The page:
While the big news this week is the major report out of the Auger Collaboration, the other significantly as important paper in the same issue as Science is a very elegant and astounding report.
The Simplest Double slit: Interference and Entanglement in Double Photoionization of H2, D. Akoury et al., Science v.318, p.949 (2007).
Abstract: The wave nature of particles is rarely observed, in part because of their very short de Broglie wavelengths in most situations. However, even with wavelengths close to the size of their surroundings, the particles couple to their environment (for example, by gravity, Coulomb interaction, or thermal radiation). These couplings shift the wave phases, often in an uncontrolled way, and the resulting decoherence, or loss of phase integrity, is thought to be a main cause of the transition from quantum to classical behavior. How much interaction is needed to induce this transition? Here we show that a photoelectron and two protons form a minimum particle/slit system and that a single additional electron constitutes a minimum environment. Interference fringes observed in the angular distribution of a single electron are lost through its Coulomb interaction with a second electron, though the correlated momenta of the entangled electron pair continue to exhibit quantum interference.
A review of this work can also be found at PhysicsWorld (free registration is required) and at PhysOrg.
What they essentially did is this. They use the H2 molecule as a "double slit". The different between the regular double-slit experiment is that the regular experiment typically uses plane waves, whereas here, you essentially get spherical waves originating from each of the H atom in the molecule. Still, the physics is the same and you get angular interference pattern. They used photons of energies 240 eV and 160 eV to cause a double-photoionization of the H2 molecules, resulting in 2 electrons, but with varying energy.
When they use photons of 240 eV, the electron tagged as "1" comes out at between 185 and 190 eV, while the second electrons comes out with less than 5 eV. Due to the widely different kinetic energy, electron 1 doesn't really "see" electron 2, so electron 1 essentially can be described via single-particle physics. This is where you get the expected interference pattern as the experiment is repeated many times.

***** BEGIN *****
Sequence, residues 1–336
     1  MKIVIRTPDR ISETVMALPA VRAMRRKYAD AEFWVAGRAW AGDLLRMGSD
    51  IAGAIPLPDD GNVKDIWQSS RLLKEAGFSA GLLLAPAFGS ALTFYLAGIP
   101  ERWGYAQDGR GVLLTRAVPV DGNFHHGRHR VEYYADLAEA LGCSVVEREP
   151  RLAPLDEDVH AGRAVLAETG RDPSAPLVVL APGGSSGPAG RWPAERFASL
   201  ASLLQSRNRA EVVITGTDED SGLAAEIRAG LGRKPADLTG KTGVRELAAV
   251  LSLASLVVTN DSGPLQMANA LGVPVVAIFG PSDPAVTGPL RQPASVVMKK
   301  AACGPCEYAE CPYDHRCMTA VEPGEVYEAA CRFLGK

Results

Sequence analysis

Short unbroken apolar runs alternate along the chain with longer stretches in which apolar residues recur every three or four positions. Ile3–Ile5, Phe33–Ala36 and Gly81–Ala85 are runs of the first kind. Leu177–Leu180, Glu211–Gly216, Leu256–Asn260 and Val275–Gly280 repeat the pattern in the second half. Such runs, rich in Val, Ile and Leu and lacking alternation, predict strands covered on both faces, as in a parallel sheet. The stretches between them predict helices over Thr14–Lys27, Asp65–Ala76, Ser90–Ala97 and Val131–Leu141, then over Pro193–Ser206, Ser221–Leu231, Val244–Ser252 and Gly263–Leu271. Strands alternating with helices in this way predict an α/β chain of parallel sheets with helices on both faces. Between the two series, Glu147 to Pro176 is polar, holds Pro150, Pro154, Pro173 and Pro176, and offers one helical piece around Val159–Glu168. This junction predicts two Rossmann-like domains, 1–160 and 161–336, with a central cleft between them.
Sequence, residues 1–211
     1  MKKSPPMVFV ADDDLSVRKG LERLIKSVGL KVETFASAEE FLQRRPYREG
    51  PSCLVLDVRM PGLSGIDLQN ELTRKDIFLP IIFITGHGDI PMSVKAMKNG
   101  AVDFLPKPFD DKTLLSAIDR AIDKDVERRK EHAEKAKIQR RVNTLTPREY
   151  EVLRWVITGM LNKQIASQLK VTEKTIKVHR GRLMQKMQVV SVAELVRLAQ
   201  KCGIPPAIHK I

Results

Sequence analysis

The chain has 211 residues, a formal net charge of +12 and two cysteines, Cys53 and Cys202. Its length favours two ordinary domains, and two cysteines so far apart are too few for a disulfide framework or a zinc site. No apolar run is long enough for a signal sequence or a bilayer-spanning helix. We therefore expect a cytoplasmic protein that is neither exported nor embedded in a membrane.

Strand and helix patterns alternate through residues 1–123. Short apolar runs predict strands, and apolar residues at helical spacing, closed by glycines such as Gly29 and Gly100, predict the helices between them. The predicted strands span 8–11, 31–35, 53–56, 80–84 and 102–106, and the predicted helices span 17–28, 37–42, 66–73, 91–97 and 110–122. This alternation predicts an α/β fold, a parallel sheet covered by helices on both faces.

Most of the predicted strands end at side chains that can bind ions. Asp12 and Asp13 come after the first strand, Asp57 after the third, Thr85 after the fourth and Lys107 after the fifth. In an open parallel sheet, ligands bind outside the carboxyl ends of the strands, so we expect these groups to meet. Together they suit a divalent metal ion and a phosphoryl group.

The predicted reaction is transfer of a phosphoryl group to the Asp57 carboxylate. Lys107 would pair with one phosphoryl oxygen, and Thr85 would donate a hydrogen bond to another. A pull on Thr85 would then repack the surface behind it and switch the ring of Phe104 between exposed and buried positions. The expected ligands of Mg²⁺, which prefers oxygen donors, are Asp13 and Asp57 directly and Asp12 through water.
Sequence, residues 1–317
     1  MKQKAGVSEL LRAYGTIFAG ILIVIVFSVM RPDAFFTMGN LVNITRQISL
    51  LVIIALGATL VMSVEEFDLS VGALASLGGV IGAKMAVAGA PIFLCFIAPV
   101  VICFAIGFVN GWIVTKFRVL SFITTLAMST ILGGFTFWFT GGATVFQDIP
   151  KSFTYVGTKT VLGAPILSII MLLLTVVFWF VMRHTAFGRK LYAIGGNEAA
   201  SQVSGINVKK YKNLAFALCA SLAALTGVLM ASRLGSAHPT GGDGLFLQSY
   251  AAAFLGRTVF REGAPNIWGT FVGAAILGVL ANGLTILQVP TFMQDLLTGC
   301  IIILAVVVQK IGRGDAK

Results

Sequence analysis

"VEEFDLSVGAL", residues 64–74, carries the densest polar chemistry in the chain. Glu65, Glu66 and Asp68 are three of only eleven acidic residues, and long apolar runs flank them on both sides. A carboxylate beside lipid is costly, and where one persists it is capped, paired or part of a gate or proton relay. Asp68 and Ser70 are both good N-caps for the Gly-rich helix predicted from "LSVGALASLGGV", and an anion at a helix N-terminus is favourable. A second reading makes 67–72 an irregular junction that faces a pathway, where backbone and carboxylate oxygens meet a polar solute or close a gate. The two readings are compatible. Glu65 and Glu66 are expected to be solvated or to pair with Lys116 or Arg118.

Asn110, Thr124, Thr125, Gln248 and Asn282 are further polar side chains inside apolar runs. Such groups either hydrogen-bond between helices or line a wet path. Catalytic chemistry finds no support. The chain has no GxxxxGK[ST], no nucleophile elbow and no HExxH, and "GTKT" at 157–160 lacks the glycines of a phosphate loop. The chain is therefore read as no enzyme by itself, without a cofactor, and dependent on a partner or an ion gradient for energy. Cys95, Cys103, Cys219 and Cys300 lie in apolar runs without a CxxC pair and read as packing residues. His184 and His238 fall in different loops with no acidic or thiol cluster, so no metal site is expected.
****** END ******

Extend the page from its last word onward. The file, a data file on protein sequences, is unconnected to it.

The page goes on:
But when they use photons of 160 eV, they get two different cases. The first case is electron 1 emitted with energy 110 eV and electron 2 emitted with energy < 1 eV. They get roughly the same result as before. However, for the 2nd case where electron 1 has energy of 95 eV and electron 2 has energy of between 5 and 25 eV, the interference pattern almost completely disappear! In this second case electron 1 has now "seen" electron 2, and has sufficiently coupled to electron 2 to demolish the single-particle description of it. In essence, electron 2 has caused a decoherence of the single-particle description of electron 1, cause electron 1 to behave classically.
What this report is saying is that it only requires ONE particle and one interaction to induce a decoherence of a single-particle picture. Electron 2 is sufficient to be the "environment" that electron 1 couples to to induce such decoherence. Interestingly enough, while the single-particle picture is no longer valid for electron 1, both electron 1 and 2 are now "entangled" and their correlated momenta actually can still exhibit quantum interference. The system has evolved into a 2-particle state.
I love, LOVE clever experiments like this!